OAK LAWN, Ill. -- When you walk into Rick Goldschmidt's home, you're welcomed by a collection of action figures, knick-knacks and toys.
If you look close enough, you'll stumble upon a familiar face: Frosty the Snowman.
2019 marks the 50th year of the Rankin/Bass Frosty the Snowman special.
To celebrate, Goldschmidt is traveling across Chicago to share the "heart and warmth" the holiday special brings to people young and old.
"It has the back story for Frosty the Snowman that the song and the comic books and storybooks didn't have," Goldschmidt said. "Rankin/Bass brought personality to Frosty and Rudolph and all these characters."
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From stuffed animals to trinkets, even a doormat. Frosty is everywhere.
But how did his character become so iconic?
"You have to go to the core of it and that's the writing by Romeo Mueller. He didn't have a writing style like today," Goldschmidt said. "This was written with a lot of heart and warmth and he had characters that didn't fit in and everyone can identify with that."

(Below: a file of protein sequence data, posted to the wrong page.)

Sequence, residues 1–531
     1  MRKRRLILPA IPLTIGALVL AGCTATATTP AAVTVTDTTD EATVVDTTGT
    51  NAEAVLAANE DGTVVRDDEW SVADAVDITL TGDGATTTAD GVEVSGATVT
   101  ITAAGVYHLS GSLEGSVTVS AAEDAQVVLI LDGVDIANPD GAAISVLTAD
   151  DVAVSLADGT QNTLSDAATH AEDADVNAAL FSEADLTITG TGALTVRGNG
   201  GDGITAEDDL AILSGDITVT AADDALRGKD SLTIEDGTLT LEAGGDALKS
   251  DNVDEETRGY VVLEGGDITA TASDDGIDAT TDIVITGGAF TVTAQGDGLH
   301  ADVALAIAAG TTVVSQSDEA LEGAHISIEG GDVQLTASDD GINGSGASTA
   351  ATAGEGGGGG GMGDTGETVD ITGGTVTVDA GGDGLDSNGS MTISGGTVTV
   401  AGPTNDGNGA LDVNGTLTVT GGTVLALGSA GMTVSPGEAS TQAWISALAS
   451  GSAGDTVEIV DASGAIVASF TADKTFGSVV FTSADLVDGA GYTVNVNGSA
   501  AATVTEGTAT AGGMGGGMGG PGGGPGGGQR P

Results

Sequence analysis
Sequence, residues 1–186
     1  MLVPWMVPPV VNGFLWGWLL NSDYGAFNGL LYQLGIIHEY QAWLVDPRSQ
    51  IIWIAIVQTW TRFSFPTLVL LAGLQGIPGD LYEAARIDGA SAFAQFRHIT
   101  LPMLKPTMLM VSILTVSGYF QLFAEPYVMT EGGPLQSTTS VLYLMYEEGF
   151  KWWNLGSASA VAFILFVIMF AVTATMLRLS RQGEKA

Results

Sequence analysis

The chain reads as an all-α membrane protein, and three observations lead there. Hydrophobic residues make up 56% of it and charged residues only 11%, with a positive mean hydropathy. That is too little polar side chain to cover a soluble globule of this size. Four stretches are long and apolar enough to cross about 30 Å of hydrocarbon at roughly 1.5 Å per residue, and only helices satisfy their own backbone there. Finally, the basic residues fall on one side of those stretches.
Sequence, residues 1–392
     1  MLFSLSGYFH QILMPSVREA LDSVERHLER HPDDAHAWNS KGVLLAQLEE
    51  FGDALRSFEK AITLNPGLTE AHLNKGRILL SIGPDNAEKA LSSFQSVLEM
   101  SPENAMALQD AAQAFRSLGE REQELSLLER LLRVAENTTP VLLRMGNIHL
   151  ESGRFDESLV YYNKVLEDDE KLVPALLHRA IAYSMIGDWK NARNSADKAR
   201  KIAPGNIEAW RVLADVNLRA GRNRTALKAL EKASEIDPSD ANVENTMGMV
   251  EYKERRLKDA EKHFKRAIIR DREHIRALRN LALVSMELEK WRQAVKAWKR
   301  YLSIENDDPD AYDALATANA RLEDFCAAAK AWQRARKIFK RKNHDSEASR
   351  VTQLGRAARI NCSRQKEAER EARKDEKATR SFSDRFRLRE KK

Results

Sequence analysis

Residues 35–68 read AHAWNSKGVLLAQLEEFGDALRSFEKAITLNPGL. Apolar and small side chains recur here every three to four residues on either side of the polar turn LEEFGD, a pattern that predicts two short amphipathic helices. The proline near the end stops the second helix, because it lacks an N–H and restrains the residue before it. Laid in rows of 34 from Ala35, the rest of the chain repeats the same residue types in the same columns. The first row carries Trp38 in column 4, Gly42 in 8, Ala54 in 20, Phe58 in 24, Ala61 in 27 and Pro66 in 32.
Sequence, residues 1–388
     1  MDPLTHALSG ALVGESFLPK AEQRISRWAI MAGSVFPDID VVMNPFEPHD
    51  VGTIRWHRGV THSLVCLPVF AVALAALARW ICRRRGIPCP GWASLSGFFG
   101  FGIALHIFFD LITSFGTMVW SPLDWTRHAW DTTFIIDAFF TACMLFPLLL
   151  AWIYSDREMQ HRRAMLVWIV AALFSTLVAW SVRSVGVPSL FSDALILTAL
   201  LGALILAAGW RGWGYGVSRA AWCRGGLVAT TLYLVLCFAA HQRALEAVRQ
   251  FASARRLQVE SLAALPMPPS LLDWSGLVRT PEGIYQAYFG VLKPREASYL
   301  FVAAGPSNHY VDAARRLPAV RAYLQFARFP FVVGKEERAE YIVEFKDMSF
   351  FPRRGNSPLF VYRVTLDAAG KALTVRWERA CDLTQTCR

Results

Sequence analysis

All of the Rankin/Bass specials, including Rudolph the Red Nose Reindeer, shared those characteristics.
Goldschmidt believes that's what made these stories so memorable.
"At the time it was just a family-oriented production that was meant to last a couple of years but it turned into being part of everyone's Christmas. You can't describe that. It just happened," he said.
To learn more about Rankin/Bass productions click here.
'Frosty the Snowman' TV special celebrates 50th anniversary
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